By Stephen Schamber
The first hints of the approaching dawn were just becoming noticeable as they arrived at Lorin's tavern. Like many small shops and eateries, the second floor was a residence for the owners. Emmie hadn't told Egilhard how she would get inside, but had assured him that she could. He settled into the shadows by the front door to wait while she woke Lorin.
She slipped silently around to the back door leading to the kitchens. There was an overhang protecting the door from rain, and a small area around it was paved with rough stone. Emmie pried up a particular stone near the door, revealing a hollow in the dirt where a piece of rope was laying. It was a hidden latchstring which Lorin had convinced her husband William to make so that a few of their trusted friends could get into the tavern in an emergency.
Emmie pulled on the rope and heard the door latch open. She pushed the door open a little way, then carefully re-hid the rope and slipped inside. She was sure she could trust Egilhard, but the latchstring was Lorin and William's secret. It would be poor repayment for their kindness to show it to strangers.
She crept up the stairs to Lorin and William's room, careful not to wake their children. She shook Lorin's shoulder gently to wake her, noticing as she did that William wasn't there. He was a wagon driver, so it wasn't unusual for him to be gone.
Confusion changed rapidly to alarm in Lorin's expression as she woke and recognized who was shaking her. "Emmie!" she exclaimed, sitting up and throwing off her blanket, "What's happened?"
"It's okay, the danger's over," Emmie promised, holding up her hands to stop Lorin from springing out of bed. "A lot happened though, and I wanted to tell you before I left."
"Left? What are you talking about?" she demanded, though in a softer voice.
Starting from the time she'd realized she was being tailed, Emmie told Lorin what had happened to her that night. "Egilhard said one of the men was a noble, and it would be best if I left town to avoid being blamed for his death. He showed me the ring he was carrying with the symbol of a noble family," she finished. She'd already explained that Egilhard was the man she'd sat next to during dinner, from which Lorin had guessed the noble's identity as the chubby man.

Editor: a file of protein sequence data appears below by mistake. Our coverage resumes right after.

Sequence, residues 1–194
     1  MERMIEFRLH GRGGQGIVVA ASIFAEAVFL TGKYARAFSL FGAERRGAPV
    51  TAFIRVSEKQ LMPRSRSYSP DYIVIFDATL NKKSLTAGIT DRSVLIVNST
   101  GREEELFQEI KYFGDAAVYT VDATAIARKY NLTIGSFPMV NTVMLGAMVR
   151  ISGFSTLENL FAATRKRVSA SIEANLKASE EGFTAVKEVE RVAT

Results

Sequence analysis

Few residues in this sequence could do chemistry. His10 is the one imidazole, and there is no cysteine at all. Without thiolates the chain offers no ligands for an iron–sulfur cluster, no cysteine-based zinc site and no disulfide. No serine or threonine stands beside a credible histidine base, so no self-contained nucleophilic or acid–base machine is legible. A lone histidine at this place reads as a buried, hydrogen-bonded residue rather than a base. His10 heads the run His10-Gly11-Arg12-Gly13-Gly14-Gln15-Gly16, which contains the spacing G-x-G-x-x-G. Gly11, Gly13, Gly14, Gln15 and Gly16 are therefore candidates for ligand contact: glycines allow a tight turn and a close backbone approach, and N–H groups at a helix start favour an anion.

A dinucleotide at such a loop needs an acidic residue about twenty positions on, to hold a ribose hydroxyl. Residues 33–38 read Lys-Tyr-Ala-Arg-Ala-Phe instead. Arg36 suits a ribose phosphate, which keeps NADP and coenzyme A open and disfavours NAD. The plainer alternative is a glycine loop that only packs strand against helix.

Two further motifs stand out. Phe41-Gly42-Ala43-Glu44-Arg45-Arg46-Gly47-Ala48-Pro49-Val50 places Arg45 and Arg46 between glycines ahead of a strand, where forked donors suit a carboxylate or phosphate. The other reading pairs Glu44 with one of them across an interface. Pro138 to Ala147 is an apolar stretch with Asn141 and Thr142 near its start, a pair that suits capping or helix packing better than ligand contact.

"I'm glad he discovered their plan," Lorin said, pulling Emmie into a hug. "I don't care to think what would have happened otherwise," she added with a shudder.
"So, you think it's okay to trust him?" Emmie asked into Lorin's shoulder. It had been difficult, after her parents had died, to learn to be suspicious of everyone she met. Now it was a hard habit to break. Lorin was one of the few she trusted for advice. "I'm not being foolish? He said I should join their caravan, because that would make it easier for me to travel."
"It certainly would do that, because of the special status dwarven traders have," Lorin said, tilting her head as she considered the question. "What exactly did he say? Did he say how long you could travel with them?"
"He said," she began, then paused a moment to think back. "He said I could travel with them for as long as I liked, even all the way to where they come from, and that I could leave whenever I wanted. He said it would be best to get out of this duchy, though."
"He's right about that," Lorin assured her. "Guilty or not, you'd be in great danger if any of that man's relatives found out you'd been there when he died." She thought for a moment. "Dwarves and their allies are scrupulous about keeping their word. If he said he'd help you, he will. You can trust him to do that much, at least."
"Okay. He's waiting downstairs to talk to you."